Re:Meanwhile, in the Netherlands... (1)

Henk Poley (308046) | more than 2 years ago | (#39017167)

Actually that URL now shows "403 Forbidden"

I feel no obligation (0)

Anonymous Coward | more than 2 years ago | (#39016915)

I feel no obligation to obey laws that were written behind closed doors.

Why should i?

It's because of the NBN (2)

Jimbookis (517778) | more than 2 years ago | (#39016933)

Seeing as the One True and Only Network in Australia is set to become the NBN owned by the government they are of course going to crack down on all things deemed unsavoury, illegal and probably anti-government. The NBN will be a terrific bitorrent network and the government wants to be seen being proactive about making sure as little copyright infringement as possible occurs on it. For any non-Australians, the NBN is a fibre to the home/premises network owned by the government set to replace every single copper line in the country upon which access is sold at wholesale rates to actual service providers. It's wonderful we're set to get a high speed and low latency network, but the baggage that comes along with it is getting pretty ugly.

To put that in context (1)

dbIII (701233) | more than 2 years ago | (#39016989)

Currently for all practical purposes the one and only true network in Australia is owned by Telstra - a bastard child of some of the worst aspects of government and private enterprise which is still recovering by being run into the ground by a Mexican bandit and a nuclear scientist out of his depth who tried hard to prove that Carter was a genius by comparison.
The copper is corroding in the ground so is expensive to maintain, and it's not all copper in some districts that were wired early. It's lead with paper insulation where I live and every time it rains the signal drops off significantly. At work it's good but 6M/6M comes at a price of around $1000 per month, which is just insane for somewhere 15km from the centre of a city of a couple of million in a developed nation. Something had to be done and the government is the only thing big enough to challenge Telstra.

If it is not open it must be a conspiracy!!! (1)

jklovanc (1603149) | more than 2 years ago | (#39017069)

Oh no not another secretive meeting where everyone can not comment on every word said by every participant; It must be a conspiracy!!! Get out you pitchforks and storm the castle!!!

Get real. Maybe the industry wants to talk about things without airing their dirty laundry. Maybe they want to convince the nutbars in their group not to go too far. Maybe they want to iron out wording so It is not too far reaching. They may come out with something like SOPA but until then you have no right to listen to the conversation. At that point start the protest; before that wait.

Re:If it is not open it must be a conspiracy!!! (1)

Anonymous Coward | more than 2 years ago | (#39017153)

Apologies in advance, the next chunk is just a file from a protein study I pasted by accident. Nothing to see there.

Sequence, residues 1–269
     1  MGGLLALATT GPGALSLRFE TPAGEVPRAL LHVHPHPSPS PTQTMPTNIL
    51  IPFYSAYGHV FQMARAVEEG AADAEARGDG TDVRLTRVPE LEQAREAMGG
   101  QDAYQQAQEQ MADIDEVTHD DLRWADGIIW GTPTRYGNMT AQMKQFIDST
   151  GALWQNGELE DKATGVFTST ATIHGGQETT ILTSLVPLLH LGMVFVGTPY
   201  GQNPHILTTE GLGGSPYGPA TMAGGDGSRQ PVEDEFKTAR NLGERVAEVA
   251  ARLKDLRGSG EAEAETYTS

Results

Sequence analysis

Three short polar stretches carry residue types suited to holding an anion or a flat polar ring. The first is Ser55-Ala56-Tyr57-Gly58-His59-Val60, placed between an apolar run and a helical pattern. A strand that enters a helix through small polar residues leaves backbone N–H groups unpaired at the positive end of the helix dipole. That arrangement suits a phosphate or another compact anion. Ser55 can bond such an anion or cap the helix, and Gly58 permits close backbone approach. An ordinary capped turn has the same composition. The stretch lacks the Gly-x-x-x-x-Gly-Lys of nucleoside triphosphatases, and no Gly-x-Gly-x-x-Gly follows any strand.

You might want to follow up on the 6 strikes program they managed to get agreement to in the US.
Basically it allows them to say your naughty using technology that is flawed.
Your "allowed" to attempt to defend yourself against the charge, using a predetermined set of responses none of which include anything useful.
Then you get 6 and they can make the ISP do bad things to you.

So your paying your monthly bill for a service provider to cut your connection at the whim of an industry that can't find its ass with both hands.
They are turning your ISP into their spies, and letting them handle the dirty work.
Accusations are all it takes, rather than real proof.
And this is all done on a network that usually gets subsidies from Governments, and is allowed to run their wires everywhere without having to get permission from each landowner.
And now they are the private enforcement arm of media corps... and your continuing to pay them why? Oh because they basically have a monopoly hold on internet connectivity.

If it is not open, and does not include the public you bet your ass its a conspiracy.
See because rightsholders only have those rights because of the public.
We let them have protection, we were supposed to get a public domain... How is that working out for you?
An upsidedown nation where we can send an email in microseconds, but somehow they can't manage to release a movie there for at least 2 years after it first comes out.
I'm not Australian but if I were I'd be bloody well pissed that the corporations who think so little of your market, feel they have the right to get control over the internet because they can't be bothered to get product to paying customers in a reasonable amount of time. I guess your market is to small to matter, but big enough that you need to be taught a lesson to accept the scraps they throw you... or they'll cut off your net.

No Surprise (0)

Anonymous Coward | more than 2 years ago | (#39017135)

Bread-n-butter tactics of totalitarian police-state governments like Aussie.

Expect same from USA (USASSR).